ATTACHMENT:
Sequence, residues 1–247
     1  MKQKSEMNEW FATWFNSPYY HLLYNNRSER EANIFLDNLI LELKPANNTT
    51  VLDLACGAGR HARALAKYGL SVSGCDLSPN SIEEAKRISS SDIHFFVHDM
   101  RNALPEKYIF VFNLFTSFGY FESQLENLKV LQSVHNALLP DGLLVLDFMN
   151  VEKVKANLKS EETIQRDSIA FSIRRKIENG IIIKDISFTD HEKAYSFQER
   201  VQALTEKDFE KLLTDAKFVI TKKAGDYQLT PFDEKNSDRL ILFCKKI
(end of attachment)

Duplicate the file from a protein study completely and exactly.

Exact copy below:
Sequence, residues 1–247
     1  MKQKSEMNEW FATWFNSPYY HLLYNNRSER EANIFLDNLI LELKPANNTT
    51  VLDLACGAGR HARALAKYGL SVSGCDLSPN SIEEAKRISS SDIHFFVHDM
   101  RNALPEKYIF VFNLFTSFGY FESQLENLKV LQSVHNALLP DGLLVLDFMN
   151  VEKVKANLKS EETIQRDSIA FSIRRKIENG IIIKDISFTD HEKAYSFQER
   201  VQALTEKDFE KLLTDAKFVI TKKAGDYQLT PFDEKNSDRL ILFCKKI